Montessori education for autism

Behavioral Foundation

Behavioral Foundation

Montessori’s approach and methods blend remarkably well with applied behavioral analysis (ABA), which is currently the only scientifically established method for treating children on the autistic spectrum.

It is remarkable that Maria Montessori was using task analysis as early as the nineteenth century.

She borrowed and applied the idea of a “three-period lesson” from Edouard Seguin – an educator who founded a successful school for “deficients” in Paris in the mid-1800s.

The format of these lessons is very similar to a Discrete Trial (DT) in:

(a) sequence,

(b) its focus on teaching only one concept or quality at a time,

(c) using very simple language,

(d) breaking learning down into small manageable steps, and

(e) reducing distraction.

Lessons are introduced with minimal speech (foregoing the lengthy explanations common in traditional schools) and emphasis on demonstration by the teacher. In structural terms, a lesson consists of 1) naming by the teacher (information), 2) recognition by the student (practice), and 3) naming by the student (test).

In a Montessori classroom, appropriate tasks are carefully chosen and are introduced in sequential order to each child individually, with presentation tailored to the child’s strengths and weaknesses. The presentation of the tasks, Montessori Lesson, begins with identifying prerequisites necessary for successful accomplishment. Then each task is broken down into the various sub-skills, and the children practice one component at a time until they show mastery. The tasks are introduced by the teacher, with concise explanation and an emphasis on demonstration using attractive materials .

The Montessori curriculum is structured hierarchically to enable progress from simple to complex, and from concrete to abstract concepts in small sequential steps. This approach is close, if not identical, to the behavioral methods that have been identified as effective for teaching ASD children new and complex skills.

To ensure consistent skill acquisition, many ASD students follow ABLLS, which is an assessment, curriculum guide, and skills tracking system for children with autism and other developmental disabilities. ABLLS identifies prerequisite skills for acquisition of higher level skills and serves as an invaluable therapeutic and learning tool for these children. In a Montessori environment, all the tasks have built-in “control of error”, so that the child can receive immediate feedback as he works to solve the task at hand.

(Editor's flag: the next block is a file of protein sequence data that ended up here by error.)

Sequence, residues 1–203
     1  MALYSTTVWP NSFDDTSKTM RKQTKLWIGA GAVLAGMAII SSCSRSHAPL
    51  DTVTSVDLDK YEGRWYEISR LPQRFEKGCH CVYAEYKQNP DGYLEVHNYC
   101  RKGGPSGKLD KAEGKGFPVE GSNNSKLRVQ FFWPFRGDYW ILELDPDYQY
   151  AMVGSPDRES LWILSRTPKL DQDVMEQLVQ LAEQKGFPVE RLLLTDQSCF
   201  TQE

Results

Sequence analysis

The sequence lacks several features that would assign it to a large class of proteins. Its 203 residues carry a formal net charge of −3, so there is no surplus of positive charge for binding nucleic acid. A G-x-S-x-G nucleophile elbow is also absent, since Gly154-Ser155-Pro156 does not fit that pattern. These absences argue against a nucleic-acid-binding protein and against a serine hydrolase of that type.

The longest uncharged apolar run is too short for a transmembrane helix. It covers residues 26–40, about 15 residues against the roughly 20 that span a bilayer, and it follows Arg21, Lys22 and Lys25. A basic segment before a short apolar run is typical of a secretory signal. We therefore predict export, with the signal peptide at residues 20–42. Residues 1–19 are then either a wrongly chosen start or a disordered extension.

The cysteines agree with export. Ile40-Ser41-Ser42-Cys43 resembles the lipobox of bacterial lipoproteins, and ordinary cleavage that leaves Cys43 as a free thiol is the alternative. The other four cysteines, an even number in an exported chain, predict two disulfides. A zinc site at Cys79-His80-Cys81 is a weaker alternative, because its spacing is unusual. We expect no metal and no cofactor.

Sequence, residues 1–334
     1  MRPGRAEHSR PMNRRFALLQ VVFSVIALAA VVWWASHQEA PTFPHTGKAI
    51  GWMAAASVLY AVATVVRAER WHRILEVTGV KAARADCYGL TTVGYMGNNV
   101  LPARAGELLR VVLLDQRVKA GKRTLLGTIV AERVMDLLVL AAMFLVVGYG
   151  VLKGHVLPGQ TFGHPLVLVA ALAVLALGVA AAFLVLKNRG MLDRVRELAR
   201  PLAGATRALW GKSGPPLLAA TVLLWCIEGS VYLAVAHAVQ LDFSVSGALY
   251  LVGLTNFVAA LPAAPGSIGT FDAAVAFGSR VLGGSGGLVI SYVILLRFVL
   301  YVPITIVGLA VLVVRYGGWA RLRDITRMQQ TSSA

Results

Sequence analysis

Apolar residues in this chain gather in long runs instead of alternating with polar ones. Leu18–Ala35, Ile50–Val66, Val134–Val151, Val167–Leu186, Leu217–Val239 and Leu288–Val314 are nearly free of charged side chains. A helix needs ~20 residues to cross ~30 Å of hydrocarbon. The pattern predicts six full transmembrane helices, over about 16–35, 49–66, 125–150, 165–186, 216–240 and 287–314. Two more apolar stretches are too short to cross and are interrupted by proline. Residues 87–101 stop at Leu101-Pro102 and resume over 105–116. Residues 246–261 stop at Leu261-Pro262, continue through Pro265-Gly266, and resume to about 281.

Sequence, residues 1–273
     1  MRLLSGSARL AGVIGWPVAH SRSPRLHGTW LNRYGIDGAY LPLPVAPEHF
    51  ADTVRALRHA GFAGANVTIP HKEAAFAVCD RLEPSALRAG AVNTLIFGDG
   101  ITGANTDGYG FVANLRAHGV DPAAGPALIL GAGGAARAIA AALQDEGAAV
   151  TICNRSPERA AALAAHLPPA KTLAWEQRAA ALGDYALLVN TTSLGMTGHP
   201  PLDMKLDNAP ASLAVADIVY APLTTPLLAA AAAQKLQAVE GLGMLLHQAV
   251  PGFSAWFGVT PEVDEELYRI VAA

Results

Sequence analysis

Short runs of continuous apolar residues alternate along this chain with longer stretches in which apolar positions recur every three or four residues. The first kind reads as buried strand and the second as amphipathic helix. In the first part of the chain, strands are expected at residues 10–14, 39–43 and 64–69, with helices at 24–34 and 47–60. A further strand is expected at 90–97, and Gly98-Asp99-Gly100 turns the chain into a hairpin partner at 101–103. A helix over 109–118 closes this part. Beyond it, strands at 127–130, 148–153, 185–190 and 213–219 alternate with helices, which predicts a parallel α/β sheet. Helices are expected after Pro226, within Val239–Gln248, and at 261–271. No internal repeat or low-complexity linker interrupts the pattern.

This way the child learns by doing with a maximum chance for success, rather than by being subjected to constant correction by the teacher. In this area, Montessori has an advantage over ABA, where both reinforcement or correction are mainly delivered by the therapist. To teach a wide variety of skills, the Montessori curriculum utilizes direct instruction and procedures such as reinforcement, extinction, shaping/modeling, prompting, fading, chaining, discrimination, and generalization, all of which are fundamental components of Applied Behavioral Analysis.

The Montessori curriculum also makes daily use of materials such as SRA Reading Comprehension (McGraw Hill), which is a staple in special education, as well as PECS (Picture Exchange Communication System), widely used with ASD students.  Michelle Lane, founder of the Lane Montessori School for Autism, has written: “Having worked with ABA for many years and in autism for sixteen years, I feel that the Montessori curriculum is second to none. It appeals to the senses of the child but, more importantly, it is developmentally appropriate while maintaining a concrete and visual nature.” ¹

Please check out the thoughtful and comprehensive book Montessori-Based Activities for Persons with Dementia Volume I and Volume II. It contains a series of programs for the elderly, but can be easily and successfully adapted to children with autism. Notably, the programs fully incorporate ABA principles, although not directly referring to them.


1. Lane, K. Michelle. A Montessori Approach to Autism. The NAMTA Journal. Spring 2009, p. 68